Gina: It's easy for kids in general, but especially kids who are kind of closed off from the world or who don't have parents who are confident about the world to think, oh, the bank, that's somewhere where I can't go. I don't belong there. And to feel that I can go here, I can walk in here, I can see what's here, I understand what's here, there's nothing magic here. Like, just to feel a part of that. That's great.
So you're celebrating five, graduating students. Young men and girls and girls mixed. What is it?
David: We have two graduating young ladies. Yes. And, and three young men.
Gina: And then also you're celebrating some middle school students. Twenty.
David: They'll be going to high school and we're celebrating that, that achievement with them and given them a more of a grand sort of a process it can be a part of. And, and you know, we've, we've injected a lot of interesting insights to them. We've taken them places that they perhaps would never go during this particular period of their life. Some of them in the very beginning, we had one youngster when we took them on a trip for our annual meeting had never been out of Brunswick County, which is, it just seems odd. And so when he crossed the border, South Carolina was like a whole new world. Georgia-oh my gosh. So you kind of like almost forget about that in some situations. And you know, you never know which kids. So we started talking and maybe we'd have to create a sort of a worksheet on just determining how many young people have never gone two states away from his state.
Nick : The event we're having on the 14th out at Shell Island at 9:00 in the morning. It's to a reward these young people who have graduated and also recognize the youngsters, the 20 youngsters you referred to who are finishing elementary school and now they are moving on to high school and to recognize them for their achievement and also to let the community know what we're doing. We are been working at this, like David said, since 2008 and uh, we are not as widely known in the community as we would like. So we want to have a celebration, let the community know what we're doing and they can become a part of it if they like. And to see our youngsters and what they have done- we are very proud of them and I'm sure the community will be as likely as proud once they see what they've done.
Gina: And this is a breakfast.
Nick: Yes it is. And there's no charge for the breakfast. And we'd like to have people come if they wish. We'd like to have you contribute to the organization if you desire, but there's no fee, no charge to attend the breakfast.
Gina: And do you have an RSVP, do you want people to tell you if we're, if they're coming?
David: Our website is sort of under construction, but we do have a facebook page. We certainly will make some numbers available.
Nick: It’s at Shell Island Resort, 2700 North Lumina Avenue. And those who would like to attend as a result of hearing this interview, they can call me at 910-256-0281, or the my phone number is nine one zero, two five, six, zero, two eight, one or the person who's in charge of our Development Committee, John Battle, and you can reach him at 910-262-8208. We'd love to have people come to see our youngsters and support the organization, I'm sure they will be impressed, not necessarily by the organization but by our young people. We are very proud of them. I'm sure the community will be proud. Everybody should come, yourself included.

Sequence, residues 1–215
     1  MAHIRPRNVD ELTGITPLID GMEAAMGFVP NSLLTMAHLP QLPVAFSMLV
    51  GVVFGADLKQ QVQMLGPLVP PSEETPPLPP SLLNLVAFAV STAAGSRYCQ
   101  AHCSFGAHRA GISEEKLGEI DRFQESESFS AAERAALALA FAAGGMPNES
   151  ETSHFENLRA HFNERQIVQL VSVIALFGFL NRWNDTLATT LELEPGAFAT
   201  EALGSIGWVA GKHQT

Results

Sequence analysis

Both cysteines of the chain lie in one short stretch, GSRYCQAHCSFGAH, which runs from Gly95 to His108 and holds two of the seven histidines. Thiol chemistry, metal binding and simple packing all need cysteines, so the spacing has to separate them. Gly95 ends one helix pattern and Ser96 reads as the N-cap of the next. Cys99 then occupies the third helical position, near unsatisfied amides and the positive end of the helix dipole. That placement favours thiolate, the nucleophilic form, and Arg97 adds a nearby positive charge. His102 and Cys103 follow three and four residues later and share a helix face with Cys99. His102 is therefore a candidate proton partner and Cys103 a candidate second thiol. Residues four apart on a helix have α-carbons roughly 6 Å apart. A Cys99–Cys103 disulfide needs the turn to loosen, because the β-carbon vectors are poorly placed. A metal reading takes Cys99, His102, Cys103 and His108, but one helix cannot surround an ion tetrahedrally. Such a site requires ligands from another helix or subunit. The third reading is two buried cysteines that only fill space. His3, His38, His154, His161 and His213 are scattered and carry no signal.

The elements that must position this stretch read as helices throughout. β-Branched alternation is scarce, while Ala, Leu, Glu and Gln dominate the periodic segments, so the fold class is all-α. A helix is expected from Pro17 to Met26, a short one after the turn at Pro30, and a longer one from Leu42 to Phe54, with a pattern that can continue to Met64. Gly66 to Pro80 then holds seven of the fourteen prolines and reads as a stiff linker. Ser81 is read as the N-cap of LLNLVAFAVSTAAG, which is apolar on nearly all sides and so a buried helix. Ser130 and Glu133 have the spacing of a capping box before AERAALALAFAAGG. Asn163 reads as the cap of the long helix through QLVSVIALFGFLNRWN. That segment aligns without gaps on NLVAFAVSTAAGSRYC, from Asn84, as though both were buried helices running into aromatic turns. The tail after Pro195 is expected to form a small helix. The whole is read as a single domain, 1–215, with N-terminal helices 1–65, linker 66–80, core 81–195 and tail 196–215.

David: Everybody. And, again, he said we were celebrating the great things that they've done. We're putting this on so that others can hopefully have a chance to see it and appreciate it. And if they are so inclined, we would certainly love any financial support we can get. For instance, we take the kids to the annual convention. On average, it's about $1,500 per kid. Now, we've been doing this for three, four, five years…so it's a kind of thing. And, and this has been for so many youngsters just an eye opening experience, something they just can't stop talking about. Some of the things that we realized-some of our kids will say, I'm going to this thing mom-and nobody thinks about, well, it's a sort of a banquet, you need a jacket. Oh, you're going to need to carry more than what you're wearing. So we've actually dug in and managed to get a couple of kids' jackets, suitcases, and an air ticket.
Nick: And our guest speaker will be Judge James Faison who is a district court judge here in Pender and new Hanover County. He has done a lot to support young people throughout his career and he's a very inspiring speaker. So those people in the community who may have heard of him, I never get tired of hearing him speak because he's such a dynamic speaker and he can relate his experience as a prosecutor and being on the bench to dealing with young people who may have kind of strayed off the path a little bit. And he's a local person that grew up in pender county been here all of his life, other than the time he was in college and law school.
Gina: And also Rhonda Bellamy is going to be there.
Nick: Yes, and she's going to be Mistress of Ceremonies, and Rhonda is always good, you know, she's Executive Director of the Arts Council now and she used to have a radio program. She's really good at working the audience in terms of why we're here and keeping things flowing. And she's really great and we are grateful to her that she has volunteered her time to do this for us.
Gina: So, why is it called 100 Black Men?
David: Well, the black men is because-that's an easy one. But why 100? I'm not really sure of why 100 other than that was probably a target.
Speaker 4: Like it's a number. 100.
David: Yeah, it's, it was a target, we want to have at least 100 men and to do things we want to do. Well they are now over 10,000.
David: So it's, it's, it's been, it's worked … I’m going to try something soon, I’m going to send David Dinkins a note and find out, what's the significance of 100? Why wasn’t it 50?
Gina: Or a thousand?
Nick: Why wasn't it changed once they reached target?
Gina: Keep pushing it up?
Nick: But if it isn't broke, don't fix it. [Laughter]
David: So who knows? But yeah, that's a good point.